All animals, whether wild or domestic, deserve to be treated in a kind manner. That is why we support the actions of compassionate individuals who feed, spay, and care for feral cats. But feral cat caretakers and their allies are increasingly coming under attack by misinformed native species advocates who blame cats for a perceived decline in local wildlife, that is of no fault of the cats.
Every major, reputable study has shown that claims of cat predation affecting bird and wildlife populations are wholly overstated. In fact, all the studies we have seen have shown that in Golden Gate Park, and throughout our city, the true factors that account for the disappearance of quail and other wildlife are habitat loss, pollution, and inclement weather changes.
The reasons for this are well–documented. As human development continues in our already crowded cities, available habitat for wildlife is carved up into smaller and smaller pieces. Habitat fragmentation and marginalization cause wildlife populations to become genetically separated, and if a particular population is not large enough, remnant populations are subject to genetic inbreeding. As a result, as habitat declines, so does diversity and heterogeneity, resulting in high extinction rates.
Under such circumstances, harsh winters or long periods of drought can easily drive down remaining populations. As all living things are dependent on water, the six–year period of drought in California during the 1980s and early nineties had a devastating effect on wildlife mortality and clutch success.
Pesticides are also recognized as a major culprit in bird decline––particularly the effect of toxic lawn care products in the decline of the songbird. Insecticides, herbicides, fungicides, and rodenticides are routinely used in City parks. Indeed, poisoning as a result of the everyday use of pesticides has become so wide–spread that biologists term the phenomenon “lawn–care syndrome.” Other practices, such as removal of low growing shrubbery, tree trimming, and the lack of adequate maintenance at many City parks will also impact on birds and other wildlife.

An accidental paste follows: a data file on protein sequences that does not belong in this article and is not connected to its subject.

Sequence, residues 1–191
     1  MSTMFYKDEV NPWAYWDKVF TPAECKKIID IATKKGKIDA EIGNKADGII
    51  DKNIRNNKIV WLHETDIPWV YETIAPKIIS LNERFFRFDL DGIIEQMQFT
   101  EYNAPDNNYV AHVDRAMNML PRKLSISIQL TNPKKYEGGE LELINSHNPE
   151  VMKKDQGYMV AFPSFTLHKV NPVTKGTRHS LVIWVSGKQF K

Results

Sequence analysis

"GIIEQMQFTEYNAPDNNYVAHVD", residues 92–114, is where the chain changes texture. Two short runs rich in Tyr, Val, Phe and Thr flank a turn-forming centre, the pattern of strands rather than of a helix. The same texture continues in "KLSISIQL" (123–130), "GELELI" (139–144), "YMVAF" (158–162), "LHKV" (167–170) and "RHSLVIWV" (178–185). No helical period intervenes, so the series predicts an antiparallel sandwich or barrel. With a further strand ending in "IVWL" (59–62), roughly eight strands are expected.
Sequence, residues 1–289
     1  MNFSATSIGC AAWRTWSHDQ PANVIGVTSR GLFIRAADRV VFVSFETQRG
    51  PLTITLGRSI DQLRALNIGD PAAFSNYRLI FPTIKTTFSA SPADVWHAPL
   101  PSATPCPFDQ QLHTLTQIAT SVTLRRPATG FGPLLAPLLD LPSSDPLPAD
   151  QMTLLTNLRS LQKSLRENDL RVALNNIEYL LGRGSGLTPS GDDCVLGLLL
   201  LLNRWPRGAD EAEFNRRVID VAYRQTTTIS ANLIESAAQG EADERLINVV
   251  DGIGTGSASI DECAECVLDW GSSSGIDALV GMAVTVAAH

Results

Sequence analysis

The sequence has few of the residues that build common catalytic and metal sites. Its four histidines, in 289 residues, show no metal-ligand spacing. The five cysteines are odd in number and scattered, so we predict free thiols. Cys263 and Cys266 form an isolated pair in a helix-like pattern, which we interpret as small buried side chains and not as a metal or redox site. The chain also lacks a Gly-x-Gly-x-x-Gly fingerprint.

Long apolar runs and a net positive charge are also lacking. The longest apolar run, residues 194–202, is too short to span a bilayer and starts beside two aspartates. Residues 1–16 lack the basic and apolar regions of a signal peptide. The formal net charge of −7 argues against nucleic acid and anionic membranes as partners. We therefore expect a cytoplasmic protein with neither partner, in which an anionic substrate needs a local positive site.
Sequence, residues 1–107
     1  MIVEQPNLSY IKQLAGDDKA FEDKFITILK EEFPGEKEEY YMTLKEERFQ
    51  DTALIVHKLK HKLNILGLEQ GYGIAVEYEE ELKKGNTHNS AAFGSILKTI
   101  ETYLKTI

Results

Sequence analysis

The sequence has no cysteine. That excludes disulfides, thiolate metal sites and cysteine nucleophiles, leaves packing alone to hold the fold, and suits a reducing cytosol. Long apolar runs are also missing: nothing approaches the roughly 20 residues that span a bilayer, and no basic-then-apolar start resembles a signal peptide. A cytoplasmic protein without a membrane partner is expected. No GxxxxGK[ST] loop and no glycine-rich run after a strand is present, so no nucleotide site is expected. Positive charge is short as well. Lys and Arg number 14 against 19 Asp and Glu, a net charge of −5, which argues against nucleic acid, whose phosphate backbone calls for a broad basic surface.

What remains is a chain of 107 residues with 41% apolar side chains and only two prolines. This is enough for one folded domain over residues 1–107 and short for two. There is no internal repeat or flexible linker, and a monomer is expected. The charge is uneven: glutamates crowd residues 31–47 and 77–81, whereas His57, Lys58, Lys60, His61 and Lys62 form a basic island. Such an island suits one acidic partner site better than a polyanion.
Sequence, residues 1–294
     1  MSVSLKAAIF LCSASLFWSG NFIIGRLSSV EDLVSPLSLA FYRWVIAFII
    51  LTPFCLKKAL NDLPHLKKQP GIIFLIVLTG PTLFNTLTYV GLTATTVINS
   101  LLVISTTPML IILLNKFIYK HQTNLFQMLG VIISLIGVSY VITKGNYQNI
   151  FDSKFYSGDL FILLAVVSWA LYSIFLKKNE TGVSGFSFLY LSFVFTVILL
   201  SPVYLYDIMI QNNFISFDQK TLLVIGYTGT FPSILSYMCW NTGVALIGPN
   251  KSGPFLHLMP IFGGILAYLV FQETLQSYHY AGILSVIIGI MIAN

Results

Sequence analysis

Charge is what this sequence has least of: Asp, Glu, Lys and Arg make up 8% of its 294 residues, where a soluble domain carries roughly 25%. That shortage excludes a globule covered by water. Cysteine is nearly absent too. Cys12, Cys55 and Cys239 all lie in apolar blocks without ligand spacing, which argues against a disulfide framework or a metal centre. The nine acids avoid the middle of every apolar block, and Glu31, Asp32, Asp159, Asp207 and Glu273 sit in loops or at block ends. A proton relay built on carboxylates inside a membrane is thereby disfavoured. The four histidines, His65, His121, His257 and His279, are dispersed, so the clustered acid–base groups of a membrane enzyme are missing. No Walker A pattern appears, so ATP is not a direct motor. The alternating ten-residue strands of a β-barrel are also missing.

A 1994 World Watch Institute study showed, for example, that of the world’s 9,000 bird species, 5,000 are in decline, while another 1,600 are threatened or nearly threatened with extinction. Some populations have fallen by 75% as a result of four primary factors: habitat loss, overtrapping, drought, and pesticides. Cats are noticeably absent as factors.
With regard to predation, cats are widely recognized to have low success at bird predation. Studies by biologist Robert Berg in Golden Gate Park in San Francisco showed, in fact, that any feral cat predation would actually occur on the rat population in the park, increasing quail strength, because it lowers nest predation by rats. Roger Tabor’s famous studies of cat predation in Great Britain and the United States show that the great bulk of an unfed feral cat’s diet is scavenger material such as garbage, insects, plants, and rats, finding no impact on continental bird and wildlife populations. Indeed, studies on four continents reach the same conclusion—“[t]he common belief that feral cat are serious predators of birds is apparently without basis.”
In San Francisco, City officials recognized and acknowledged that cats are not responsible for bird decline and the county Board of Supervisors’ Commission on Animal Control and Welfare put a stop to a proposed round up and kill plan for feral cats in Golden Gate Park after extensive research and public testimony demonstrated a clear lack of evidence that cats were impacting birds.
Given the available evidence to the opposite, we believe it is both incorrect and inappropriate to speculate that cats are a significant cause for bird species decline. In addition to the San Francisco studies, predation studies on four continents (Europe, North America, Australia, and Africa) conclude feral cats should not be implicated in any perceived decimation of local wildlife.